Furthermore I could argue that (throughout 15 years) not helping Owsiak had become a Polish stigma, overt or covert, a local variety of the scarlet letter, only that A would not stand for adulterer but for anti-social. Intentionally or not, people with no red stickers of charity upon them get odiumised. (Yes, there is a problem with the red colour, definitely. I read my Crane, so am not ashamed I don’t have wounds, of a too open heart.)

I could argue that whenever any system tells me to do any thing – I’m likely to oppose. And so on.

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Instead I say:

I would be either in the sticks, or in another place where going out was not required on Owsiak Sundays since 1993. (No, I’m not a churchgoer, sorry.) I wasn’t going out – and no Owsiak delegate ever knocked on my door. Simple.

No. Not simple at all.

For I am also one of the few in Poland who will refrain from donating that 1% off my tax to any charity. And I will be one — even when handling the thing should get user-friendlier, friendlier, friendliest. The arguments are similar:

= It’s a mite, too little to matter.
= If charity organisations do some of state’s work for the state, I take it as a sign to pay more taxes, not to be charitable.

Yeah, I know what some say. Due to the state’s red tape, inertia, stupidity, inadequacies – those charity orgs are more efficient. Well, I could buy that, but react from the other side: remove as much of the state as possible. I’m going to pay Owsiak if he replaces some ministers, not when he accompanies them. If there is 1% of efficiently spent taxes and 99% of taxes spent less efficiently – my primary concern is about 99. (Know your place, number 1.)

Generally, I don’t care. And can tell you why. I don’t care because I found out I can’t follow these:

STEP 1. Show some heart (or equivalent) to your card. Throw away a heartless (or equivalentless) card.

With or Without You

STEP 2 Minimum. Never spend money on anything that anyhow did any harm to anyone.
Example: Never take aspirin from Bayer.
Example: Never listen to Marilyn Monroe (singing about her best friends).

STEP 3 Optimum. Never make evil grow richer.
Example: Don’t go to Rwanda, for a biz trip or pleasure. Wait, that’s easy. Yugoslavia may be harder? Never buy anything “made in China”. Never visit Russia. Or Japan. Or USA. Or UK. Or Australia. Anywhere, practically. Poland? — If you’re already there, repent (see below).

STEP 4. Liquidate all your investments and put all in an ethical fund.

STEP 5. But why should you have any free investment money available? If you have more than the poorest man on Earth, there is no ethical balance. Sell all your belongings, give them to the poorer — and turn Buddhist. Better yet, kill yourself.

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People usually stop at Step 1. (Been there, done that.) They donate money not to make the world better but to make themselves look better, outwardly or in conscience. They throw small coins to jingle in charity boxes and they feel better. They throw dimes to Gypsy beggars and they feel better. They let some boy earn a bit when he attacks their fancy cars’ windshields with a sponge or a mop and they feel better. Cheap tricks to bypass their conscience.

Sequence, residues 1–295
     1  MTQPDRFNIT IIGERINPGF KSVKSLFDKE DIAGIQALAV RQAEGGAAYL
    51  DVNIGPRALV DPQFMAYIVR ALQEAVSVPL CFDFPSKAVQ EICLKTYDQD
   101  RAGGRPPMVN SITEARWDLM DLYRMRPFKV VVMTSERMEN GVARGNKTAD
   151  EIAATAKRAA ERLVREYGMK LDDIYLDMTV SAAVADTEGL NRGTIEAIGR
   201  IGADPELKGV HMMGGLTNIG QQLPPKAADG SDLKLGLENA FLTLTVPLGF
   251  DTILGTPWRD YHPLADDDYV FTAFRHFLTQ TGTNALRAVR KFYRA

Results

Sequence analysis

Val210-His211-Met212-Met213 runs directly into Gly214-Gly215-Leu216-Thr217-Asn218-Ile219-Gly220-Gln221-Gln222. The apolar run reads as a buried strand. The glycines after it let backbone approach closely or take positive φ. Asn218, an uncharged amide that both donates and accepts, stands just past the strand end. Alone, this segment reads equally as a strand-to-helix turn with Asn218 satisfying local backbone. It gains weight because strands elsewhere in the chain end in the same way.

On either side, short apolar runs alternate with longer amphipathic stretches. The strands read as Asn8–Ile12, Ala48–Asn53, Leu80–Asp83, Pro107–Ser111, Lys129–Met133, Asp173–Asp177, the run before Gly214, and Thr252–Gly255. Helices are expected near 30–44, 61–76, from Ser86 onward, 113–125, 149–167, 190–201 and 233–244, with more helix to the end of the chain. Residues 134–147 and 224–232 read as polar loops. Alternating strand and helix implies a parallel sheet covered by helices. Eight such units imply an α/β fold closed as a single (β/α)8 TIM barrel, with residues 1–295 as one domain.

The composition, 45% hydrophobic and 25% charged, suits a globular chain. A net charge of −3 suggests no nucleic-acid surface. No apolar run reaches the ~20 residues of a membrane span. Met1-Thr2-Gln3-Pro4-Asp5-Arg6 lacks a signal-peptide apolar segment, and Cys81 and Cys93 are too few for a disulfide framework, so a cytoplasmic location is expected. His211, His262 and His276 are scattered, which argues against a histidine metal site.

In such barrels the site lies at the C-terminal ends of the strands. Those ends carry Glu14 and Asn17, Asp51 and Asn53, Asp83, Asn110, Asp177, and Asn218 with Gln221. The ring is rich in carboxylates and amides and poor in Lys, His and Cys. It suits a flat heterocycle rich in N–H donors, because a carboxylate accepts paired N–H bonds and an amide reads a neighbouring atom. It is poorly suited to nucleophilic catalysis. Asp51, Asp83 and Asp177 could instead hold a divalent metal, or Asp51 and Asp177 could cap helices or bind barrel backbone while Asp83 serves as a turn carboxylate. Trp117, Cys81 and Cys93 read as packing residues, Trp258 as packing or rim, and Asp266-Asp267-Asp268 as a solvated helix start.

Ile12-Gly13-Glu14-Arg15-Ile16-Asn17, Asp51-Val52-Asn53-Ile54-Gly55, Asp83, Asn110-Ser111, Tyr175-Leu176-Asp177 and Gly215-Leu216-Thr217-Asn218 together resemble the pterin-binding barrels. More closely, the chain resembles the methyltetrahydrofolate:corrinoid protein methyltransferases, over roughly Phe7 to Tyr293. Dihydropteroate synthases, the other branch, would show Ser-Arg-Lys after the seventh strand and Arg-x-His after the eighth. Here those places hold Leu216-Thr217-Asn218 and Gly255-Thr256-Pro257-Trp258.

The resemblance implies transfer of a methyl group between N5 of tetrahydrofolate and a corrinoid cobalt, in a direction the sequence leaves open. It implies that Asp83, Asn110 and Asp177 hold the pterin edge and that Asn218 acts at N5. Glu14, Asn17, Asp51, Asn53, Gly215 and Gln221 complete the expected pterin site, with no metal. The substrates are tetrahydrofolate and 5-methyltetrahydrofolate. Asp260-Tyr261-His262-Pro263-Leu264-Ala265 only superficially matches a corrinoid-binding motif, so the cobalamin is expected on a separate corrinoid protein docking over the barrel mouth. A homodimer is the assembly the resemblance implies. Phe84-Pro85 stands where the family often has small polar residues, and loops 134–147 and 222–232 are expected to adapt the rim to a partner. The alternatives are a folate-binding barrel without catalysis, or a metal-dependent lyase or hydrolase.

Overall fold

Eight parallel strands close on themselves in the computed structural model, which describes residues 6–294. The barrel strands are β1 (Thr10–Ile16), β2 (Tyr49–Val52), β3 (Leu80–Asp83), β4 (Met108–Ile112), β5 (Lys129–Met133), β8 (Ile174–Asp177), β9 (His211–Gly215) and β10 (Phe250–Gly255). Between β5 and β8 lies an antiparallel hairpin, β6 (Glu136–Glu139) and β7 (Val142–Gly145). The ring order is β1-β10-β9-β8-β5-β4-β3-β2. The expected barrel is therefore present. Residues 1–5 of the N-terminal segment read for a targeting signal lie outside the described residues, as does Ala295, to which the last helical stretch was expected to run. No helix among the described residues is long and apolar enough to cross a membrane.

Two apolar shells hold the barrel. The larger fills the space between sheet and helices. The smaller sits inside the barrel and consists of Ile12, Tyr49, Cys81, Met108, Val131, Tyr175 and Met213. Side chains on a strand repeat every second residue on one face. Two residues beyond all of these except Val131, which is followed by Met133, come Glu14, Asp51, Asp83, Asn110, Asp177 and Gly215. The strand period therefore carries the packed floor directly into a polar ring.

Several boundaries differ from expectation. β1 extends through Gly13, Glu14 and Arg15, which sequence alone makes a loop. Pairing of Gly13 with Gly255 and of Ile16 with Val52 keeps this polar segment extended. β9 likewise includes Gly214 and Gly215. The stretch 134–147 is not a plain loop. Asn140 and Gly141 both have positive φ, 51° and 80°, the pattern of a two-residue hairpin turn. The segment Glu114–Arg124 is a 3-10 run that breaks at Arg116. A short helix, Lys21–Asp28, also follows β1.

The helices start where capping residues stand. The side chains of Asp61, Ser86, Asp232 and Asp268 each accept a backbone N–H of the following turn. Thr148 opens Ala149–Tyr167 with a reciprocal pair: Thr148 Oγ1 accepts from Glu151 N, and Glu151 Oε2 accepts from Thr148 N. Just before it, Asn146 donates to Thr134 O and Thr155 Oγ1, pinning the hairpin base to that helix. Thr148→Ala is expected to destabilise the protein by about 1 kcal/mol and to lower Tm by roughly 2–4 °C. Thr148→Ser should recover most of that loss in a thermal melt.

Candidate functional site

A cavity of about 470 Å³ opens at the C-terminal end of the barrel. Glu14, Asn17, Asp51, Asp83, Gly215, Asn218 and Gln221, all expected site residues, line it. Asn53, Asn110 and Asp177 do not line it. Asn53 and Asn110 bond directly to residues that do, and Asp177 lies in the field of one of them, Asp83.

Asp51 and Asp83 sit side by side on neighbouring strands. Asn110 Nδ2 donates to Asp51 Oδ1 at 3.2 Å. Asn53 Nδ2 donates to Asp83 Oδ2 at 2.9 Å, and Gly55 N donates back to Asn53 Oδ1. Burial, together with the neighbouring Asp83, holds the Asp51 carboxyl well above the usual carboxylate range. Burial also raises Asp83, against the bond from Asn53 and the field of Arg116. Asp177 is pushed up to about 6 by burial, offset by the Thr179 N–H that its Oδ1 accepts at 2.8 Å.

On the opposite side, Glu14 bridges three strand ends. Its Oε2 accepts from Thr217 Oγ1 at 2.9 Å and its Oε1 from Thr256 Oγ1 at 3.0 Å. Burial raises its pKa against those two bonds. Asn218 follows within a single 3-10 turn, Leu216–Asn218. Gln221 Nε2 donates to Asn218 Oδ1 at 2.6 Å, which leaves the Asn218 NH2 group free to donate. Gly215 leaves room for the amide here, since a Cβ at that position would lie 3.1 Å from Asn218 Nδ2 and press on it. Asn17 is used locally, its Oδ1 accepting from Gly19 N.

Pathetic.

[If I am to be a hypocrite, I am going to be a forthright one, visor up, John Blunt, point blank, straight up, up yours, Sunday moralisers. How about you?]

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I can feel your anger. I am defenseless. Take your weapon!

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Polish Lie #68: Expelling Jews from Poland

DISCLAIMER. The reason behind POLISH LIES is to give food for thought. Not fuel for flamewars. (When you’ll throw down the gauntlet, I may, reluctantly, pick it up.) Other members of this blog may not share my understanding of what POLISH LIES are.

POLISH LIE #68:
Polish March 1968 was about expelling poor Jews from Poland.

You may believe the lie, it’s your mind capacity to store it.
Yet, you are advised to note a few issues:

1. Decorum should not be violated.

Distrust narratives in which Polish March 1968 and the Holocaust are put in one sentence, mentioned together without a pause for another breath.

Distrust this text, for instance, in which Leo Kantor, a Jew from Opole in Poland, describes his hurt: “The post-Holocaust, post-Polish March 1968 sorrow can fade away – but it will need 4 generations”.

Hello? Holocaust and 1968 in one room?
I know nothing about political correctness, Mr Kantor, but you’re sure breaking decorum.

Distrust this Polish article. Its author, Leopold Unger mentions Mengele in the very title [Displaying colours, Mengele on the flags], says Anti-Semitism is reborn. Would he mean Germans, WW2? No, not at all. He means Polish March 1968. The same man, referring to 1968 here, coins the term “Polish-Soviet National Socialism“.

Hello? 1968 Poland and Mengele-like Nazism under one flag?
Mr Unger you’re breaking decorum. (I put it too mildly, and so am breaking decorum, too.)

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2. Proper terms should be used.

You can hear or read about Jews “forced to leave” or “expelled” in March 1968 – but what do these verbs hide?

When you think about Polish wartime expellees, images of numerous examples of human inhumanity may come to mind, kids taken away from their parents, houses burnt down, every fifth expellee going to Auschwitz. (You may think of Soviet atrocities, too, little difference.) — Or think about Ukrainian expellees the Polish state took care of: No love lost in the process, but lives: yes, they were lost. — Or think of German expellees, when you come across: “the German government’s official estimate of deaths due to the expulsions stood at 2.2 million for several decades” here. — Or think about all the history-made expellees forced to “reclocate” only because pre-WW2 Poland differed so much from post-WW2 Poland.